By Alfonso Fernandez
CARACAS – Residents of Caracas are preparing for cutoffs in water service lasting up to 48 hours between November and May, a situation that the Venezuelan government blames on the weather and the opposition blames on the lack of investment in infrastructure.
Engineer Alejandro Hitcher, the president of Hidrocapital, the public entity that manages the water supply networks around the country, said in an interview with Efe that the water deficit is “about 25 percent” and he guaranteed that the cutbacks will last a “maximum of 48 hours.”
He also said that “they will be rotating,” or staggered, in different zones of the capital.
Hitcher said that, besides the lack of rainfall caused by the El Niño weather phenomenon, the situation is due to the “waste and frivolous use” of water by the richest sectors of society, and he added that the rationing measures are a chance to “foster a culture of responsible consumption.”
The water rationing decreed by the government of President Hugo Chavez will begin on Nov. 2 and will be maintained until the beginning of May 2010, when the rainy season begins in Venezuela.
The leftist leader last week harshly attacked “half-hour showers” and said that three minutes in the shower “is more than enough” to maintain adequate daily hygiene.
“I’ve said: one minute to get wet, another to soap yourself up and the third to rise yourself off. The rest is a waste,” said Chavez, who also is facing protests over the continuous power blackouts in the interior of the country that have motivated him to acknowledge “gaps” in the electric grid.
And the government is also preparing plans to interrupt electricity service, a move that has provoked substantial criticism in the oil-rich country.
In the poor Caracas neighborhood of Mariches, the lack of water is something with which residents are already familiar, since it has been more than three months that they’ve been waiting for the pipes needed to transport it to be installed. At present, the water arrives on cistern trucks that must enter the area via steep and unsafe narrow streets and alleyways.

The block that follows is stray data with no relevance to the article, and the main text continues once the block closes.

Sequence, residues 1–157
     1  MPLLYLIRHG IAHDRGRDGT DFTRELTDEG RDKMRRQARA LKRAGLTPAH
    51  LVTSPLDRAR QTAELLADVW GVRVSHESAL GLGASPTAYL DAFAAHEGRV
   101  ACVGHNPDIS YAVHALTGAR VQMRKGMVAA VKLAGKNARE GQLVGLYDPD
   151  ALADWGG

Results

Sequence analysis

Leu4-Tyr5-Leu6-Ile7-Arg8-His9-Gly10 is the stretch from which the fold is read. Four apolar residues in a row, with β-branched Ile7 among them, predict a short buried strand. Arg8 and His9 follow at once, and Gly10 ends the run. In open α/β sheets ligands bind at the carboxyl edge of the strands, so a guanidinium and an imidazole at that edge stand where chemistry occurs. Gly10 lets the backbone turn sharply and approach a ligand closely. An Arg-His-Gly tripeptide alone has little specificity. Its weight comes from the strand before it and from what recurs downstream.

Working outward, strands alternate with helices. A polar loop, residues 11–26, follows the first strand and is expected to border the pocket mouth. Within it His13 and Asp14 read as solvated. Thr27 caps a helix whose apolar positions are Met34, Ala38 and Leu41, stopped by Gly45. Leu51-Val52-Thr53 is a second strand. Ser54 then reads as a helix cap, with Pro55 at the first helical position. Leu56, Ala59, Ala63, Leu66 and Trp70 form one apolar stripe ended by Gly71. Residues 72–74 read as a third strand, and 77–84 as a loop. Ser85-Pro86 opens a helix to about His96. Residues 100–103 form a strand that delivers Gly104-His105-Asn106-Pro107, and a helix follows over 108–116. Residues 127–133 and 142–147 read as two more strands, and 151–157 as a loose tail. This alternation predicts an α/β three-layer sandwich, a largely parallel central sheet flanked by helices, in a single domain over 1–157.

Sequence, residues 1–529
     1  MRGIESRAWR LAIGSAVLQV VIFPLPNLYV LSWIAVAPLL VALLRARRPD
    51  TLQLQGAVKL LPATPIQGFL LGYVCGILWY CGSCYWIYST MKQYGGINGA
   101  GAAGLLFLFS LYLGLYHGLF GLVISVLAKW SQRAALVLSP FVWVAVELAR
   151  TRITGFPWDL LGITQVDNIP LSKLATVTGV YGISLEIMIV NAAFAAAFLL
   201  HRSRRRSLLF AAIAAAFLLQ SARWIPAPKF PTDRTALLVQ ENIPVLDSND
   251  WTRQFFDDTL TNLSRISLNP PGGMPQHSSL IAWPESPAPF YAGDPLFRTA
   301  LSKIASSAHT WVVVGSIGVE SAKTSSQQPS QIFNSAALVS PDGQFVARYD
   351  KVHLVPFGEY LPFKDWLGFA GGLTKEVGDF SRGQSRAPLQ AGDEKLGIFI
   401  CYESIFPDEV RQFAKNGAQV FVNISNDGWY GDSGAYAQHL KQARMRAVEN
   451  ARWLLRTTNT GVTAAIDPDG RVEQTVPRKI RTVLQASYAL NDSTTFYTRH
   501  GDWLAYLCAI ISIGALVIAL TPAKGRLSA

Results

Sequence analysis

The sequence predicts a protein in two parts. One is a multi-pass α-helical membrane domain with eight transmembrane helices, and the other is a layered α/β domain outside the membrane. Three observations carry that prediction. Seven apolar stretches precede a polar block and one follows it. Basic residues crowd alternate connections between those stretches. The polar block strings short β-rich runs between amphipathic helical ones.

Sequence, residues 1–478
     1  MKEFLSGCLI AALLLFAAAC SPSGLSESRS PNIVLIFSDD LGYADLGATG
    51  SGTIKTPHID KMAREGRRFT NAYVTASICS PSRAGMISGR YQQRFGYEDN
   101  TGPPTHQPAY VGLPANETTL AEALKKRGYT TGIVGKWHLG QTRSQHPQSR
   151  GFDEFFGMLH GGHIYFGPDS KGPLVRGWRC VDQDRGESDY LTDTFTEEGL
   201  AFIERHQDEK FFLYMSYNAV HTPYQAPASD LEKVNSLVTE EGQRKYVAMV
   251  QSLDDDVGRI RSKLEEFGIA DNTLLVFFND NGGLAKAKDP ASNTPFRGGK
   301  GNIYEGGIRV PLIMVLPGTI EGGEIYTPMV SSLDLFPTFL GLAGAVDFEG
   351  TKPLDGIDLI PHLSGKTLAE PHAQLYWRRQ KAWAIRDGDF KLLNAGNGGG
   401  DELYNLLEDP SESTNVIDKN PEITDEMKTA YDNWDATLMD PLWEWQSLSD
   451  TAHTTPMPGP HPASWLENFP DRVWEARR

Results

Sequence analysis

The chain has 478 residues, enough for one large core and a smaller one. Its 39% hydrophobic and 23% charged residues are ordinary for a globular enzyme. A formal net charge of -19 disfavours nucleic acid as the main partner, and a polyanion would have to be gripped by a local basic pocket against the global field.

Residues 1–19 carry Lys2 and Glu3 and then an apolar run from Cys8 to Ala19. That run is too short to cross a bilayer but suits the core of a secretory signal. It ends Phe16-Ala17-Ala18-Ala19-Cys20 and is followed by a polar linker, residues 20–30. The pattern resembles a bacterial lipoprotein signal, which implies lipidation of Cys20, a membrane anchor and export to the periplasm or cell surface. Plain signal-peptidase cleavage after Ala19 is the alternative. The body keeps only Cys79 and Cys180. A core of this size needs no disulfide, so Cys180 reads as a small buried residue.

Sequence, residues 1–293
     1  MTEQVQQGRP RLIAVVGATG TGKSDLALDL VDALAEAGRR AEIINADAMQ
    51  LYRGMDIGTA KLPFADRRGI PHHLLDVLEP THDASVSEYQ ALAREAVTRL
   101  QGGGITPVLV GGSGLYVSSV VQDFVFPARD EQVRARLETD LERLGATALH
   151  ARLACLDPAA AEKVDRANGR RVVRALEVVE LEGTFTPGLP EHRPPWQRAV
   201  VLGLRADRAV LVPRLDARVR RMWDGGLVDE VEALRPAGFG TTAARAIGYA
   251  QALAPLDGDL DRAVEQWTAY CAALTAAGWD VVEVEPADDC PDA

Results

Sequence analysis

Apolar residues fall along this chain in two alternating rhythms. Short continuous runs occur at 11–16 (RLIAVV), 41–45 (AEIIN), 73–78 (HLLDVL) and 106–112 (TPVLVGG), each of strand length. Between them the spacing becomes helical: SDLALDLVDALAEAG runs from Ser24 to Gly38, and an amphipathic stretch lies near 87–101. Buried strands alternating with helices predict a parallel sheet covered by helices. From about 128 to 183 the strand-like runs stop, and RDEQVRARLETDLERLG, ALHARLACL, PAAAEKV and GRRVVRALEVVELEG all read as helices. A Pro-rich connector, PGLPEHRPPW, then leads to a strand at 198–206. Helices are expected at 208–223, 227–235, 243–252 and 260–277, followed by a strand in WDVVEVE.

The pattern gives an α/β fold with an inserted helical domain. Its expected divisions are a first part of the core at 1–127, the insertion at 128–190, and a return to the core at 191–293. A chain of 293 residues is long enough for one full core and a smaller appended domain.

“It’s not easy to work as a cistern truck driver,” Carlos Martos told Efe, relating stories of colleagues whose trucks were hijacked at gunpoint until local residents made off with all the precious water.
“We’re dried out! We’re not camels!” clamored residents upon the arrival of the first cistern truck.
“How many more trucks are coming?” asked the locals anxiously while they produced empty barrels and other containers from the most unexpected places.
Each family has the right to about 60 liters (16 gallons), which is distributed free by the administration of Sucre, the municipality that contains a large number of the shantytowns of eastern Caracas.
But it’s very difficult to get the water to those who need it and everyone acknowledges that an emergency exists.
“Here, the water never arrives on time. When they pump it through the pipes, the neighbors up the hillside opened the pipes and it doesn’t get here. And what does arrive is disgusting. We have to boil it,” Javier Aguilar,
a carpenter in the neighborhood, told Efe.
Aguilar, who said that he had experienced similar situations over the past 20 years, added that residents have to “buy” the rest of their water from local firefighters who, taking advantage of the need, come by daily and sell water to them “at 8 or 10 bolivars” ($4 to $5, at the official exchange rate).
Though the Sucre administration is led by Chavez opponent Carlos Ocariz, the head of the Municipal Water Institute, Norberto Bausson, sidestepped the confrontation with the government, but emphasized that in the past decade “they haven’t invested in the distribution network” and they have “abandoned the infrastructure.”
“It’s true that the El Niño phenomenon has affected things with the scarcity of rain, but it’s (also) true that the water network has not been adequate for the demand of a population that has grown in the last decade ... That is to say, there are 500,000 more people and they have the same network,” Bausson said.
Bausson agreed with Hitcher about the wasting of water in Caracas saying that the per capita consumption in Venezuela is 100 liters higher than the Latin American average, and in the hemisphere that figure is only exceeded by the United States.
Venezuela is, after Brazil, the country with the greatest water resources in the region, but the capital’s almost 6 million residents will be forced to turn off the tap for one or two days per week in the coming months. EFE